On Tuesday, the Garden City Community College Board of Trustees accepted the final opinion from Lewis, Hooper & Dick following the accounting firm’s annual financial audit of the college, the GCCC Endowment Association and Broncbuster Athletic Association for Fiscal Year 2018, which stated there were no errors or reportable conditions.
Lewis, Hooper and Dick accountants Theresa Dasenbrock and Kristin Sekavec presented the audit report to the board. Dasenbrock said the agency had not found any questionable costs regarding federal funds and programs and no material weaknesses or significant deficiencies through the process.
The college had $44.7 million in total assets, a dip down from $45.8 million in 2017. The decrease is partially due to the use of some excess cash in certain larger projects, Dasenbrock said.
As of June 30, the college had four purchases and one revenue bond labeled as outstanding debt, totaling slightly over $10 million in outstanding principal balance at the end of the year. The college was making the payments correctly and as scheduled, and about 13 percent of the payments had been paid, Dasenbrock said.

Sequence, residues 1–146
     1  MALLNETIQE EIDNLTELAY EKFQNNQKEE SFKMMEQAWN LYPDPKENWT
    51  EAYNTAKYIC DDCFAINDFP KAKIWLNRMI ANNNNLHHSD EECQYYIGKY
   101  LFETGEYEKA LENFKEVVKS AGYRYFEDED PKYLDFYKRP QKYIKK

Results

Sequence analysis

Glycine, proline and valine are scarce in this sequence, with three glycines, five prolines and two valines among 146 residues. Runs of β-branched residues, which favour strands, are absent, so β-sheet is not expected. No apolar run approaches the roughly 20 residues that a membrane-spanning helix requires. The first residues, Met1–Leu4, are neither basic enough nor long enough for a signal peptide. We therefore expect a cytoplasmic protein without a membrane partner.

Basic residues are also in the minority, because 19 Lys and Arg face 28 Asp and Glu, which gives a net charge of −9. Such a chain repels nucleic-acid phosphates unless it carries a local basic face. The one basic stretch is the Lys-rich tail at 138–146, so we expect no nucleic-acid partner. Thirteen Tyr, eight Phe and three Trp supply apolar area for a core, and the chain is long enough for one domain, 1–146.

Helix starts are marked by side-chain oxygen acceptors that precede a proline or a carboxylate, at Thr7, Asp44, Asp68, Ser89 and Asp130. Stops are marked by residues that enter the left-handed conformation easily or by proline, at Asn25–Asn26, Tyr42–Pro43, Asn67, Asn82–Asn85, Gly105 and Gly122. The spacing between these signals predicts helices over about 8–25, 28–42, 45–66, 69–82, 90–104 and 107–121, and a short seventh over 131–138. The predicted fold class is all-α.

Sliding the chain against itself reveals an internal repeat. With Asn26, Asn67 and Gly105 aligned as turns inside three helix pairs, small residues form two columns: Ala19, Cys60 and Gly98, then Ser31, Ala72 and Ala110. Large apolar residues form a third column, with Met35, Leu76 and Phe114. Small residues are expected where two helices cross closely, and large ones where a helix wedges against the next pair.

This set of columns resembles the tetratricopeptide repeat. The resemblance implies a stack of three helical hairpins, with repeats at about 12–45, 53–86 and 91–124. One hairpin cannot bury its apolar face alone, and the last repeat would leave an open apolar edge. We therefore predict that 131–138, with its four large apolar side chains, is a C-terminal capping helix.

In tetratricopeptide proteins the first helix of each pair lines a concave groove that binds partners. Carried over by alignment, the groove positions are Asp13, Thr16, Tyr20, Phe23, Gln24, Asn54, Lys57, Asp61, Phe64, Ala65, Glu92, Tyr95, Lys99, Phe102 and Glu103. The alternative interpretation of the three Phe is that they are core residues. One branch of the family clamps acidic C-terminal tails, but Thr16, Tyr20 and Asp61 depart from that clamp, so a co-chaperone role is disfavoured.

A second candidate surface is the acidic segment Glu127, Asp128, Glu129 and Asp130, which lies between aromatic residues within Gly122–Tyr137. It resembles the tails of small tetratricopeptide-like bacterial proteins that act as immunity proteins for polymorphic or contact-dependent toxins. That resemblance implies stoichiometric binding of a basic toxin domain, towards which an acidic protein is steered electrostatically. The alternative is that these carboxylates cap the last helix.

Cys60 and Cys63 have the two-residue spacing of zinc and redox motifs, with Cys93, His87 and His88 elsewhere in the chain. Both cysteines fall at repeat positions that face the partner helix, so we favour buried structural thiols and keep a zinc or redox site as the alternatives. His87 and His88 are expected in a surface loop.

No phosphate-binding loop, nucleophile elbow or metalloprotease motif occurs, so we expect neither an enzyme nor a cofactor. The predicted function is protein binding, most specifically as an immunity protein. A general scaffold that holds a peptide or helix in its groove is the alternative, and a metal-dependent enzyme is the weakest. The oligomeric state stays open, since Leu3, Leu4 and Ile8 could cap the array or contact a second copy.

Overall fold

The college had approximately $6.5 million in operating revenue and $18.5 million in non-operating revenue, 41 percent of which was received through property taxes, with federal grants and contracts, state appropriations and student tuition and fees taking up another 49 percent combined. For the sixth year in a row, the school received an increasing amount of revenue through student tuition,
About 32 percent of operating expenses went to instruction, a 5 percent increase since 2017, and student services, institutional support, campus operations and maintenance took up 16, 12 and 12 percent, respectively.
The corrective plan attached in the audit showed no issues with financial statements, federal awards findings and questioned costs or the status of past corrective actions.
Sekavec offered several best practice suggestions to avoid larger issues moving forward. She suggested monitoring outstanding checks and reviewing student financial aid amounts more closely. She mentioned that she reviewed other best practices suggestions with the Endowment Association and BAA staff, as well.
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